FROM THE FALKLANDS TO IRAQ
On September 11, 2001, just hours after the collapse of the World Trade Center, British Prime Minister Tony Blair pledged his solidarity with the United States. "Here in the United Kingdom," he said, "we stand shoulder to shoulder with our American friends in this hour of tragedy, and we, like them, will not rest until this evil is driven from our world."
That commitment was wholly in line with a long-established principle of British foreign policy: the United Kingdom should nurture a special relationship with the United States in the hope of shaping the exercise of U.S. power. In Washington, the idea may never have been taken too seriously, but nor did U.S. officials actively discourage it. If anything, in recent years, this special relationship has enjoyed something of a revival, with President George W. Bush apparently relieved to have at least one reliable friend.
But it was also a commitment that many believe has cost Blair dearly. Unlike other heads of government who framed their promises more carefully, Blair loyally followed Bush into Afghanistan and then into an unpopular and, as it turns out, troubled campaign in Iraq. He is now regularly portrayed as "Bush's poodle" for, according to the charges, slavishly following reckless U.S. policies and proving unable or unwilling to use his political capital to moderate this recklessness. The former British ambassador to Washington recently lamented that Blair had even failed to insist on proper preparations for the occupation of Iraq. Other critics have gone so far as to unfavorably compare Blair's record with that of Harold Wilson, who, although rarely remembered very favorably as prime minister, at least resisted President Lyndon Johnson's requests that British troops join U.S. Forces in Vietnam.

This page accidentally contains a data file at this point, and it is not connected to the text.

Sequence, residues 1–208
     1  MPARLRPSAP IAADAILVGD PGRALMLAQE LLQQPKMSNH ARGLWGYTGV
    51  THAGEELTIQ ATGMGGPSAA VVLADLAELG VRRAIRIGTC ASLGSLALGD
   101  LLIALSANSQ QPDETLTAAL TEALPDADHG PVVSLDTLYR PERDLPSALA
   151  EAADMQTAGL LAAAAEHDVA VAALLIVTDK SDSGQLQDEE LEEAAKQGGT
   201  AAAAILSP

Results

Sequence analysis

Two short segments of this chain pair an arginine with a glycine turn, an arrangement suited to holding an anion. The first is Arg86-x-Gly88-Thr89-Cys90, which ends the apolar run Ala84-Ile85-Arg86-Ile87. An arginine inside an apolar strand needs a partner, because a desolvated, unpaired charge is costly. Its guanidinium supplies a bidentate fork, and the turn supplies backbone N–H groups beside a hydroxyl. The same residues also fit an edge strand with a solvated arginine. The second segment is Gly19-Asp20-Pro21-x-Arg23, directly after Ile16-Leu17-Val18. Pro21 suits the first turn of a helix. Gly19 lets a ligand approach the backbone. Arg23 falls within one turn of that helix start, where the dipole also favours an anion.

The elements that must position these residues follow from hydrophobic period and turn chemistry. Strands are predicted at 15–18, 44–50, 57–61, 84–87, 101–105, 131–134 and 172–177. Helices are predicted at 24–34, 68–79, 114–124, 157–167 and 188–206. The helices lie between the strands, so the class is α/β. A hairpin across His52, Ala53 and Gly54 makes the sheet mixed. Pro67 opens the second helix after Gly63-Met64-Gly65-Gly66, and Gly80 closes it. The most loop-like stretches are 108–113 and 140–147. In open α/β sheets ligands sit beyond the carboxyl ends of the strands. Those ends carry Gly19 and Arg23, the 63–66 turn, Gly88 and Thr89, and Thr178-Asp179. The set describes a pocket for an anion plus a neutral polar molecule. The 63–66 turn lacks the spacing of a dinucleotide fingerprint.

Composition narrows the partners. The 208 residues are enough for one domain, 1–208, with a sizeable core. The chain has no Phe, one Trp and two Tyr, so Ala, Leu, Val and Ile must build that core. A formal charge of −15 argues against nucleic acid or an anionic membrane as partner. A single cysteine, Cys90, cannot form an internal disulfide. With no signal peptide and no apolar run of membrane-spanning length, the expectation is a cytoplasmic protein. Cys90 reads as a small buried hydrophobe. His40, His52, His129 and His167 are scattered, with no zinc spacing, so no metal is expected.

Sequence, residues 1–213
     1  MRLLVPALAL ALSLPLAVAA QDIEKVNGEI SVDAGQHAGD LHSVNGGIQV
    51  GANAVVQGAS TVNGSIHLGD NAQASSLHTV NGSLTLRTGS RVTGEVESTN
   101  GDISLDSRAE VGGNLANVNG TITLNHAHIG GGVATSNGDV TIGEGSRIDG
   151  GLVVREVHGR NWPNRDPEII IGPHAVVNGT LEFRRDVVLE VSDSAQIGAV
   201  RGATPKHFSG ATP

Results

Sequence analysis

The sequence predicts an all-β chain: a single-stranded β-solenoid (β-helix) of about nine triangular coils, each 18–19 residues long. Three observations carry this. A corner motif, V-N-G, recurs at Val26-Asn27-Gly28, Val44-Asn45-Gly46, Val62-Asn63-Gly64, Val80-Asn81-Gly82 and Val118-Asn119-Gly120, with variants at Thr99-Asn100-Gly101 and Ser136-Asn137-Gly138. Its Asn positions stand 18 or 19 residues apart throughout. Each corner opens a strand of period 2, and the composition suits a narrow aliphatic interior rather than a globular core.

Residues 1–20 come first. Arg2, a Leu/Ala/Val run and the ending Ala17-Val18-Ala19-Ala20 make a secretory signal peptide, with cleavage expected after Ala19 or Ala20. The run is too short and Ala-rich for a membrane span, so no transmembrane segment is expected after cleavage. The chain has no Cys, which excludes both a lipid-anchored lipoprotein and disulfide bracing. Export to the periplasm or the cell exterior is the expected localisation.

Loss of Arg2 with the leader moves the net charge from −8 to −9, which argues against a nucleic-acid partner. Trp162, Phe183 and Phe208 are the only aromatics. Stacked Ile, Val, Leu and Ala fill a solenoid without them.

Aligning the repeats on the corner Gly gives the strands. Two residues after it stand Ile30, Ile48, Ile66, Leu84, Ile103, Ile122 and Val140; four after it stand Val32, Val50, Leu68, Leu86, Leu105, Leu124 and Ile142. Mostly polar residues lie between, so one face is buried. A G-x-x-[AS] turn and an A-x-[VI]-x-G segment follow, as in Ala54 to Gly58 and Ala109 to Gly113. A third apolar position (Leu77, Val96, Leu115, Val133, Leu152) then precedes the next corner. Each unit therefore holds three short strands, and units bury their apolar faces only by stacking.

This episode plays to a recurrent argument in the contemporary British and European debate over world affairs: that the primary challenge of foreign policy is to find ways of restraining a United States that is forever seeking to solve
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